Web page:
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Bill to make cycling safer in PH transmitted to Senate

Updated

By Charissa Luci-Atienza

The House of Representatives has transmitted to the Senate the proposed “Minimum Overtaking of Cyclists Distance Act” for its action.

The Joint Session of the Senate and the House of Representatives on the extension of Martial Law in Mindanao commences in the Plenary of the Batasang Pambansa on December 13, 2017. (ALVIN KASIBAN / MANILA BULLETIN)

(MANILA BULLETIN)

House Bill 8911, principally authored by ACT Teachers partylist Rep. Antonio Tinio, was transmitted to the Upper Chamber on February 6, two days before Congress adjourned session to pave way for the election campaign.

On February 4, the House of Representatives unanimously approved HB 8911 on third and final reading, with 178 votes to make cycling safer throughout the country.

The bill mandates a minimum overtaking distance of 1.5 meters between a motor vehicle and a bicycle or its operator.

HB 8911 provides that the driver of a motor vehicle overtaking and passing a bicycle that is travelling in the same direction shall maintain a minimum overtaking distance of 1.5 meters between any part of the motor vehicle and any part of the bicycle or its cyclist.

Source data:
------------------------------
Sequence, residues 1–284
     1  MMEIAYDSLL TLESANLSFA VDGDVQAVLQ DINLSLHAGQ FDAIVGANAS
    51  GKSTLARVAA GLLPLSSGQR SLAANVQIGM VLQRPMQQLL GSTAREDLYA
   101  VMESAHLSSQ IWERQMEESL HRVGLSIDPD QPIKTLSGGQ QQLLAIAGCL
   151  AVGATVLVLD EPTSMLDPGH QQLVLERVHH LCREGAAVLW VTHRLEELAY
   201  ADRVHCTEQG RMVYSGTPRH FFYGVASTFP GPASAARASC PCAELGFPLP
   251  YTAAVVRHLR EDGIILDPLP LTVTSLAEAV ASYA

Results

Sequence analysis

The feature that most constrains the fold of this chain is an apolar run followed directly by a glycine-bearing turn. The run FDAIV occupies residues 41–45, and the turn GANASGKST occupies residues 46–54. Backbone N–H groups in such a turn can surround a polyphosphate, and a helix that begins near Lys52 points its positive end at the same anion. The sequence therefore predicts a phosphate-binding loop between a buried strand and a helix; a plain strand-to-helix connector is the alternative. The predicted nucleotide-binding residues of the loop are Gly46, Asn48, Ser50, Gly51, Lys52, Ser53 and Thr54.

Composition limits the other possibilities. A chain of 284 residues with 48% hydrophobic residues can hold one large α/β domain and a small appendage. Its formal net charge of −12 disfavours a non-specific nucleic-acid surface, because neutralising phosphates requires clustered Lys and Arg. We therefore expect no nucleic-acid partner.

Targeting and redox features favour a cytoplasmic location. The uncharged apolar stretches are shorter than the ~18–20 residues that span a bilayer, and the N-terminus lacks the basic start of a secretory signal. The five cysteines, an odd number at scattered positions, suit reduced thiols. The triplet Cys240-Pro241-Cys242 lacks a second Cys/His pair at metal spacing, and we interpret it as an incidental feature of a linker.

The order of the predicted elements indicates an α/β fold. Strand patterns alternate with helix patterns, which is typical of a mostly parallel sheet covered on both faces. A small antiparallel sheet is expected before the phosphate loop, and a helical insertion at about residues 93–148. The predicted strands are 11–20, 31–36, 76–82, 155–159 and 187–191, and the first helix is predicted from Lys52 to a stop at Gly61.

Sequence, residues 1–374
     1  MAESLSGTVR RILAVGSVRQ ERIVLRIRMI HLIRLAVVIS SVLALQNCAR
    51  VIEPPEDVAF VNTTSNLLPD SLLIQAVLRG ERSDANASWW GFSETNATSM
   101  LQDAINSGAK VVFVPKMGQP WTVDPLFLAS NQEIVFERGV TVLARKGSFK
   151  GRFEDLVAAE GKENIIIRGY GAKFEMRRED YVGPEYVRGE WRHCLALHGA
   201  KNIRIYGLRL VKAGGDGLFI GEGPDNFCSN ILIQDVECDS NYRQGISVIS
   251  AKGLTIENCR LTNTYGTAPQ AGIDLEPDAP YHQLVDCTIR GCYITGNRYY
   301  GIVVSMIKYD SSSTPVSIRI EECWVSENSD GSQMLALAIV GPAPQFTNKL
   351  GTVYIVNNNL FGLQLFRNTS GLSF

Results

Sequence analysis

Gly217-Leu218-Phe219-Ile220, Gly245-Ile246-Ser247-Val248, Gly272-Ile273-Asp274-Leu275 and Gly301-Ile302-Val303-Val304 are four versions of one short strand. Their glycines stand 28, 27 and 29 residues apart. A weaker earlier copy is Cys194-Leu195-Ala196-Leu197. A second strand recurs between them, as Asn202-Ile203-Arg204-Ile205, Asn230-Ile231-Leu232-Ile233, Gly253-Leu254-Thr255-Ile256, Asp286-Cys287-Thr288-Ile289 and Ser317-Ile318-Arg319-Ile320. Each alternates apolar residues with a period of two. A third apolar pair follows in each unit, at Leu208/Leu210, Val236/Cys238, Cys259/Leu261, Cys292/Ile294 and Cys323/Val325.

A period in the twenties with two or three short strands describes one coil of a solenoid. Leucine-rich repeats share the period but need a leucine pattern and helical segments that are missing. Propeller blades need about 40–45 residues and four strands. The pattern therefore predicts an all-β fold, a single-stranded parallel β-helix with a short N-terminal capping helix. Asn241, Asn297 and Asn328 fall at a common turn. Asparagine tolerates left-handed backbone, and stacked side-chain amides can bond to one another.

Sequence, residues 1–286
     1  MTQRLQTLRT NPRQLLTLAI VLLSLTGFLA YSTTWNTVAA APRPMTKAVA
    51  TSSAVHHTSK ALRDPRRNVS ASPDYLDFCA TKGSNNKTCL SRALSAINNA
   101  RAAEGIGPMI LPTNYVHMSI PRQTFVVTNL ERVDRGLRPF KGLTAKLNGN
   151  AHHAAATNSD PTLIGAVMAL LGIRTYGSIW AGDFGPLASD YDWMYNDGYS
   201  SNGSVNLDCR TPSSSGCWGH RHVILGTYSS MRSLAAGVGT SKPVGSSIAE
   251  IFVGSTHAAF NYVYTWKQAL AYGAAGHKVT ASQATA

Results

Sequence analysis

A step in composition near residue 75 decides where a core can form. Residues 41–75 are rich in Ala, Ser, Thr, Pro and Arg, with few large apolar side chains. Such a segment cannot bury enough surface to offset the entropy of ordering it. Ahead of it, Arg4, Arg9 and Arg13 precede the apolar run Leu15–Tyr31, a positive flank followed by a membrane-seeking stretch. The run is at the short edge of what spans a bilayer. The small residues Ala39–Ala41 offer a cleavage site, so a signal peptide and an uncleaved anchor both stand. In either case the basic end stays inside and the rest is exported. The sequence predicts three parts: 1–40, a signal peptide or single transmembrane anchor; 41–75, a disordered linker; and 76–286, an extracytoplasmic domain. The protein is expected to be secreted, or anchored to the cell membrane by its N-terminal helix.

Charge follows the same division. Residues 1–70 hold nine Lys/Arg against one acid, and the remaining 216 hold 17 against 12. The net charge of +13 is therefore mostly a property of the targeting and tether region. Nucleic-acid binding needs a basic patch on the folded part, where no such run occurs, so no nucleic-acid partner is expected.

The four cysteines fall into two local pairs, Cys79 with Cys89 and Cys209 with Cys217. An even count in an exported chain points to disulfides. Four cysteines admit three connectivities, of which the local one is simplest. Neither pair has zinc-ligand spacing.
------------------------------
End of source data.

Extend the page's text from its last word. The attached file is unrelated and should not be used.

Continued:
It tasks the Department of Transportation-Land Transportation Office (DOTr-LTO), to be the lead implementing arm of the proposed Act.

Violators of the proposed Act shall face the following penalties: P5,000 fine for the first offense; P10,000 fine for the second offense; P15,000 fine and suspension of driver’s license for three months for the third offense; and P20,000 fine and revocation of driver’s license for the fourth offense.

The bill allows the DOTr to raise the fines once every five years in the amount not exceeding 10 percent of the existing rates sought to be increased which shall take effect only upon publication in at least two newspapers of general circulation.

The foregoing penalties shall be imposed without prejudice to other liabilities under the Revised Penal Code or any special law arising out or occasioned by any violation of the minimum overtaking distance set, the bill said.

The DOTr-LTO, in coordination with the Philippine Information Agency (PIA), Department of Education (DepEd), Department of Interior and Local Government (DILG), MMDA, PNP, and private agencies and organizations shall undertake a nationwide information, education and communication campaign for a period of six months from the effectivity of the Act.

The DOTr-LTO shall promulgate the necessary implementing rules and regulations within 60 days after the effectivity of the Act.

“Mandating a minimum overtaking distance is one way of protecting cyclists and other road users, and encourage more people to take up cycling, whether for commuting, exercise, or leisure,” Tinio said.

He laments that due to lack or absence of cycling-friendly infrastructure throughout the country, cyclists are forced to journey side-by-side with motor vehicles, exposing them daily to the risk of serious or fatal accidents.

“According to the Metro Manila Development Authority, more than 900 persons — nearly three cyclists and other road users per day – were reported to have been involved in accidents in Metro Manila in 2015,” Tinio said.

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